The LEGO Movie 2: The Second Part
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Refreshingly sweet and sincere, Kit's doll-and-book-inspired do-good mystery may be geared towards the tween girl but will please audiences of all ages.
All Critics (103)
| Top Critics (32)
| Fresh (82)
| Rotten (21)
| DVD (4)
It's hard to dislike a tween picture that opens with Eleanor Roosevelt, but if explaining mortgage meltdowns to their tots doesn't sent parents screaming, the performances will.
A gently thoughtful, audience-appropriate entertainment that assembles swell actors to play colorful characters who don't shy away from depicting serious hard times.
The tweener girls for whom it is aimed deserve better. A mind is a terrible thing to waste.
This classy, heart-on-its-sleeve movie is packed with laudable life lessons and Depression-era trivia.
This is a sweet, G-rated story of 1930s girl power, with nary a princess in sight.
Kit Kittredge is proof of how far you can get with the right screenwriter -- in this instance one versed in Children's Adventures 101 -- and director.
If you can make it through an ending that's over-the-top sappy, even for a children's film, you'll find a story about a girl who does embody some of the best ideals of American girlhood.
By [the end] point, the gentle humor and selfless sentiment of the film has done its work, and you're likely to walk away with some uplifting life lessons to discuss with your kids.
Do yourself a favor. Do a favor for the kids you like and love. Take them to see Kit Kittredge: An American Girl. Not just girls you like and love. Boys, too. If you are an adult, you will have a good time.
Set in a well-scrubbed Depression-era Cincinnati, Kit Kittredge is surprisingly effective at addressing economic hardship in terms kids can understand.
Kit Kittredge makes a wonderful summer outing for grandmothers, moms and daughters -- and the boys they invite along.
Mostly, Kit Kittredge is exactly what you'd expect -- a treacle-sweet, simplistic story about maintaining a stiff upper lip in the face of adversity, keeping your family together, and not judging a book by its cover.
It's not a movie just for little girls, it is a great history lesson for a lot of people, but it could have been great without the American Girl logo, which made it really embarassing for some guys to go see, but its just an okay movie.
Kit Kittredge is a kid growing up in the early 1930's when everyone was losing their jobs, and families had to diversify to pay the bills. Kit's family took in boarders which brought a number of interesting characters to the film. This movie is part solve-a-mystery and part Kit-wants-to-be-a-reporter.
Isn't interested in portraying the grim lifestyles of the Depression but rather creates a faux-American Girl doll populated imitation of one. This movie aims more to remind me of the doll confections if anything else. But it's cute and family friendly and all that. Thesps Joan Cusack and Stanley Tucci are over-the-top and FUN. And Abigail Breslin is incredibly adorable and natural.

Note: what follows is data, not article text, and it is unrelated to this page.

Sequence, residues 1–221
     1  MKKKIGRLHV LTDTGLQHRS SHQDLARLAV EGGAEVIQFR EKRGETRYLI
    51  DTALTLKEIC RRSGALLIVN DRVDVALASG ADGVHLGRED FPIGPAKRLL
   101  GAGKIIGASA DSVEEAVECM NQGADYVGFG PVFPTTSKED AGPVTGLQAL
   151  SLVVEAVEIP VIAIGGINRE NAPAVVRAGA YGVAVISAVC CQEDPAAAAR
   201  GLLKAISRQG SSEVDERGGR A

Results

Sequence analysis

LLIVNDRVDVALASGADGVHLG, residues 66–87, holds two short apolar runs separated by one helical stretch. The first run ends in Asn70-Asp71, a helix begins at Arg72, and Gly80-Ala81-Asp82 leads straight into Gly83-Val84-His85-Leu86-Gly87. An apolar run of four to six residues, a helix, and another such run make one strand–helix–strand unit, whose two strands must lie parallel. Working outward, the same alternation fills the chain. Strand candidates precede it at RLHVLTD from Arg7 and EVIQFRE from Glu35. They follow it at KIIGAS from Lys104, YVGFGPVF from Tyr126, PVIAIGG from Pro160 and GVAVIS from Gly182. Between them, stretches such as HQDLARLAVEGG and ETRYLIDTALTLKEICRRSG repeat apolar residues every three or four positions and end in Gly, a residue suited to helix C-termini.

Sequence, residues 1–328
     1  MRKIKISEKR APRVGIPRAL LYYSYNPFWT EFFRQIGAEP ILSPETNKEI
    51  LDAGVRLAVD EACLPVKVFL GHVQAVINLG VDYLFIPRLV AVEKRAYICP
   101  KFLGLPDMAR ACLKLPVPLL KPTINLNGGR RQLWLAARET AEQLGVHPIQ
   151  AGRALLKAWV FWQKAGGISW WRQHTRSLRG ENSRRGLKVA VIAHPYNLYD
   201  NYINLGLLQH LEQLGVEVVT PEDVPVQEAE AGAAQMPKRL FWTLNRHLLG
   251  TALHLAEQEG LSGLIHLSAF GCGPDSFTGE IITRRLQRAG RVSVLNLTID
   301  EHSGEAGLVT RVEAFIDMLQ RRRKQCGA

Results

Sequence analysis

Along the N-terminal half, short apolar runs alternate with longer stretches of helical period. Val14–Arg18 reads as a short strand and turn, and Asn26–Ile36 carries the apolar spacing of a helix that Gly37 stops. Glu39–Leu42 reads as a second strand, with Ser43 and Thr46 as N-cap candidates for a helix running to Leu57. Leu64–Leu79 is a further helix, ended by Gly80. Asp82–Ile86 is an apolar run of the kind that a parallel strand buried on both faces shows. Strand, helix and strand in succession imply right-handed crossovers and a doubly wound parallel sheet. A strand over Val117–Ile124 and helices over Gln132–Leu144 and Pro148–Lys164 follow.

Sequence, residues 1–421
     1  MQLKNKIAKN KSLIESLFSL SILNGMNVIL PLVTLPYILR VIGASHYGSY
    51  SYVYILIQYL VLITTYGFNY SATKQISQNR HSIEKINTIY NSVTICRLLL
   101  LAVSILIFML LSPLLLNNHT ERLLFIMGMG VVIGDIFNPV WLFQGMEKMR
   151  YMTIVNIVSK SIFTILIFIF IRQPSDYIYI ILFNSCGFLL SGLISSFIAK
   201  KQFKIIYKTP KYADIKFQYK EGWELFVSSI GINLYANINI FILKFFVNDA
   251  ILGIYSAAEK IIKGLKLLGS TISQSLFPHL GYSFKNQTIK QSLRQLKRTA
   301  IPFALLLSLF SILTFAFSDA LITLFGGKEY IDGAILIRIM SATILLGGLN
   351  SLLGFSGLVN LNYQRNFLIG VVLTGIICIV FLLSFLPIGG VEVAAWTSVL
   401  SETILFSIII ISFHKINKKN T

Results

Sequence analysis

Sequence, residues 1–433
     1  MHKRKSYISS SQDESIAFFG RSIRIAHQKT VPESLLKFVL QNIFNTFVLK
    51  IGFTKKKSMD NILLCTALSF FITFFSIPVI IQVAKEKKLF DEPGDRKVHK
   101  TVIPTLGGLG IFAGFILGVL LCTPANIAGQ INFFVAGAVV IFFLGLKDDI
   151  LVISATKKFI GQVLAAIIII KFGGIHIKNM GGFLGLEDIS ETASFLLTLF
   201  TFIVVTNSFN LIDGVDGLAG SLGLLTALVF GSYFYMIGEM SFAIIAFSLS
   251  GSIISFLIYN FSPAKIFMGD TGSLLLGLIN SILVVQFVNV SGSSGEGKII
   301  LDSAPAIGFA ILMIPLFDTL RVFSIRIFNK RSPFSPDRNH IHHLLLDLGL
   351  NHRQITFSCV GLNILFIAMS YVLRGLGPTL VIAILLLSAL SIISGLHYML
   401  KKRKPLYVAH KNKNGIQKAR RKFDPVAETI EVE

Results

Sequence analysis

Once again, we have another film from under the radar that is a nice watch for the entire family. Kit Kittredge: An American Girl has a little bit of everything. Actually, it doesn't have robots, military soldiers, spaceships, monsters ... you get the picture.
The story is a little deceiving. At first glance it seems like this movie will be about Kit Kittredge becoming a reporter for the Cincinnati Register. It is about that, but the main focus is on a crime investigation, which makes this story more like a mystery.
An interesting fact about the story is that "Hobos" are a big part of it. The movie does show how they are seen in the Great Depression years.
The story doesn't actually fly by, but it isn't necessarily a slow burn either. There are a good variety of characters to watch and the younger ones tend to liven up the picture. This flick also gets most of the emotional drama out of the way in the earlier parts before having it return for a happy ending, a happy ending, and another happy ending.
Abigal Breslin has already proven that she can carry a film and this one is no exception. All the supporting actors fit in as well. Some of these include Joan Cusack, Chris O'Donnell, Julia Ormond, Jane Krakowski, and Stanley Tucci. Even Colin Mochrie is up to par.
This is not just a movie for kids as adults will find this just as enjoyable. Don't be ashamed to spend 100 minutes of your life with this film.
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